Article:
Clueless is one of those films that has come to define its generation. From the fashion, to the soundtrack, to its strangely optimistic pre-9/11 attitude, it is a film entirely of its time. And yet it manages to capture something universal about the teenage experience which gives it relevance beyond simple nostalgia. Perhaps because it is a re-working of Jane Austen’s Emma, it transcends simple references and tells us as much about human relationships as it does about how keen we used to be on plaid.
Perhaps ‘transcends’ is a slightly pretentious word to use in this context, as at its heart Clueless is just a great teen movie. Austen famously wanted to create an unlikable character in her Emma, but Cher, Heckerling’s modern-day equivalent, is eminently likable. At times ditsy, we see her transform over the course of the film, being redeemed to a greater extent than Emma ever manages. The film is ostensibly a romance, as we see Cher and her friends (and often Cher on behalf of her friends) navigate the unpredictable waters of teenage love, but really it is about Cher coming to see her own value, and taking charge of her place in the world. Always popular, her brief loss of this helps her to see that she can use her ‘powers’ for good. It is maybe a little unrealistic that her subsequent good works help her reclaim that popularity, but it adds to the film’s charm.
There is never more than a slight sense of peril in Clueless (like its Austen originator), so you can sit through it in comfort; it is a film to lift the spirits after a long week of working from home. The characters, even those we see little of, are written with a tender understanding which raises them beyond cliché. The film can’t really be called ‘feminist’ in a strict sense of the word. There is some suggestion that Cher is deemed unintelligent because she is a young, pretty woman, but as she and the film lean into this (such as in her driving test), it can’t be taken as an outright rejection of that system. However, as I concluded in my review of Mansfield Park, there is something decidedly feminist about the way the film centres on women acting upon their own agency. Their emotional lives and well-being are at the heart of the narrative, and we see Cher embracing the chance to get what she wants from life, not just what has been expected of her. To take control of her own happiness. It gets extra props for having a female director, and it does pass the Bechdel test (if only just).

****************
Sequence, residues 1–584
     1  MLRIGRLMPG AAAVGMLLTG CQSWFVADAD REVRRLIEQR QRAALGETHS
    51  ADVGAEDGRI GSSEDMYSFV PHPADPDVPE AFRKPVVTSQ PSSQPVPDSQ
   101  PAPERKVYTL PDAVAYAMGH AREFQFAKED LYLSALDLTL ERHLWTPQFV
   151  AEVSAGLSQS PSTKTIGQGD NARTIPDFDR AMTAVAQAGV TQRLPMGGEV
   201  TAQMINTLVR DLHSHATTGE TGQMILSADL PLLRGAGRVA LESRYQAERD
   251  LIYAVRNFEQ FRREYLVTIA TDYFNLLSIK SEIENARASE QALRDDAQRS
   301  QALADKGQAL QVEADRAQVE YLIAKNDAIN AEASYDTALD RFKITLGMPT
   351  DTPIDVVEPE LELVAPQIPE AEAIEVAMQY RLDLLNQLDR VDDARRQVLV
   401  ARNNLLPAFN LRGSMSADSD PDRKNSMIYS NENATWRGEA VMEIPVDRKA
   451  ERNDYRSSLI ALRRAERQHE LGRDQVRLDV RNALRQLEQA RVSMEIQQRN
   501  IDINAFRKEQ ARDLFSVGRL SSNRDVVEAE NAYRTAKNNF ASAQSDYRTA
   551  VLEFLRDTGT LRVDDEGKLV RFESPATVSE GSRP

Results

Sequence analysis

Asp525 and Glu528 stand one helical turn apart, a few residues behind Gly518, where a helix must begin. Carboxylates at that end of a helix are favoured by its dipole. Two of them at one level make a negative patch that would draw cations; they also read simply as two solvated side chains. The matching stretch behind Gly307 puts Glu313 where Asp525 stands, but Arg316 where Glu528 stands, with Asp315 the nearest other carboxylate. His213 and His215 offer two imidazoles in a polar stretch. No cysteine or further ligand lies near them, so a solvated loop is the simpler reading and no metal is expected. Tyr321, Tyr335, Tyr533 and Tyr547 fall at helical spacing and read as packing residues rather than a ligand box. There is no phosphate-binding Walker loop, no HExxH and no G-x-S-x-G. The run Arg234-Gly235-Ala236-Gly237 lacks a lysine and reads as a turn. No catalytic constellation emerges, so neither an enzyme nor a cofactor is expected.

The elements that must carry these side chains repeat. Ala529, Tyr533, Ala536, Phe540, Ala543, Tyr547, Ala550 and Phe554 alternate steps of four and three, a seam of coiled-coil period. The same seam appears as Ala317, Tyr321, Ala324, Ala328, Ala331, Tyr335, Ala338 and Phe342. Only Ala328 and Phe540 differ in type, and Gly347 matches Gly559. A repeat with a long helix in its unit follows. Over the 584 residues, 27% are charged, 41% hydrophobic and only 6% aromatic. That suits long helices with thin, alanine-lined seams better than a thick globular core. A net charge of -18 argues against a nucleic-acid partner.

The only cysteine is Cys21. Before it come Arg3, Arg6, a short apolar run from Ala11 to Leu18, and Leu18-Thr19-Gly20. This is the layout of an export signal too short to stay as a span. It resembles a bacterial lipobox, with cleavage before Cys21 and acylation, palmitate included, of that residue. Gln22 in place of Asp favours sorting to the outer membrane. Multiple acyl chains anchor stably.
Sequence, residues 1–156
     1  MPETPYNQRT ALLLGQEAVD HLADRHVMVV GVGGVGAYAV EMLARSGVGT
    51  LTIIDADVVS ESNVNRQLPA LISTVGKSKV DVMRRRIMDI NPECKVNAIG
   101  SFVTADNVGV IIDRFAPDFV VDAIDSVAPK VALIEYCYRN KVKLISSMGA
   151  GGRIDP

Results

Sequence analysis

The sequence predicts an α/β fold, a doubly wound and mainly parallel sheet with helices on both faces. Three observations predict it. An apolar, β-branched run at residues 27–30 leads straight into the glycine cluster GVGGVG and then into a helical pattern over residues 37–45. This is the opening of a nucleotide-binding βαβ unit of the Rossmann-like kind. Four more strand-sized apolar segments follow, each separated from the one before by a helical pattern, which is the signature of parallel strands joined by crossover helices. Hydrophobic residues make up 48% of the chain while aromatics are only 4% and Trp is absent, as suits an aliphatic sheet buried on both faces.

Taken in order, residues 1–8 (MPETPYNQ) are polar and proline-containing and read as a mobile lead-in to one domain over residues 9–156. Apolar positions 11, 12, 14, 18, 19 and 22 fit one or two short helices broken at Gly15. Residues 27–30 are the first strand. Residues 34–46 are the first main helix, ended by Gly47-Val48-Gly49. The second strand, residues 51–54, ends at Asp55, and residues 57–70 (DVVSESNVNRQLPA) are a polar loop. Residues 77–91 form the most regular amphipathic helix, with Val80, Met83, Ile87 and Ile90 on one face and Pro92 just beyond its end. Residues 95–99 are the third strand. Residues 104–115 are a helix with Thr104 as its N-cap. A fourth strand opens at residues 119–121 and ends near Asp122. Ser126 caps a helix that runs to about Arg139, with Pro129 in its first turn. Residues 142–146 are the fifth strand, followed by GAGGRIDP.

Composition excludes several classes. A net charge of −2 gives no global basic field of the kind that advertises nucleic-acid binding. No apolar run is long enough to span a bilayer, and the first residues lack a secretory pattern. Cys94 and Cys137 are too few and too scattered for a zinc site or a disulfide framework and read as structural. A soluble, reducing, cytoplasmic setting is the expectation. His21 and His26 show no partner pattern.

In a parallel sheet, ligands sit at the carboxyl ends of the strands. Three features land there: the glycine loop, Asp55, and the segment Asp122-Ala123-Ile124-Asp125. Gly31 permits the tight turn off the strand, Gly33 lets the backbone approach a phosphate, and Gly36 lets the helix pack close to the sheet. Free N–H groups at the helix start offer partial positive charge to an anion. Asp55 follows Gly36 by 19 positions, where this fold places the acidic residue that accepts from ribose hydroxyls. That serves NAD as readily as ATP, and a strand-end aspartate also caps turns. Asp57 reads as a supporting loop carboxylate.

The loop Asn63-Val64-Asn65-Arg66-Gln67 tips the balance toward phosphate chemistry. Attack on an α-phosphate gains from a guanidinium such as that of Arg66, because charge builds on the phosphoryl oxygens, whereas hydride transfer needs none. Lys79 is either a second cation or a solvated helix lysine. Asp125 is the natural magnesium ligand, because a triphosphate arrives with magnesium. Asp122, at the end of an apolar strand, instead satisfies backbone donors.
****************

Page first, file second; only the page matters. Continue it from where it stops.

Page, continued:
As a transposition of Austen’s Emma, Clueless can only be deemed a great success. It doesn’t stick slavishly to the original narrative – not every character has their exact match – but the key beats are all there. Emma is maybe the Austen novel most suited to an update, as its plot is slightly more removed from the economic drivers of its time, and more simply focused on the feelings of the characters. Harriet is perfectly translated into the late Brittany Murphy’s Tai, and Frank Churchill is given an amusing if at times slightly questionable update as Christian.
All-in-all Clueless is perhaps the ultimate teen movie. It captures the spirit of its age while also sharing an optimistic message about personal growth and empowerment, and has a brilliant soundtrack. Its literary origins save it from much of the mindless drama that so often drags down movies for teens, and it will leave you feeling cheerfully satisfied. I can’t think of a better film to perk you up after a sad and unsettling day.
What’s your favourite teen movie? Mean Girls is be a big one for me (like most people!), but the strange innocence and optimism of Clueless will always ensure it the top spot. What films do you watch when you need cheering up? I’d love to hear your thoughts and suggestions in the comments!
Good piece, good film. Keep at it.
My most recent reviews if you fancy reading. More coming up early June.
[…] all the time, but over the years I think this dress has developed into a bit of a Monet (to borrow Cher Horowitz’s phrase). The overall impression of the outfit is good, but once you get closer it looks messy. […]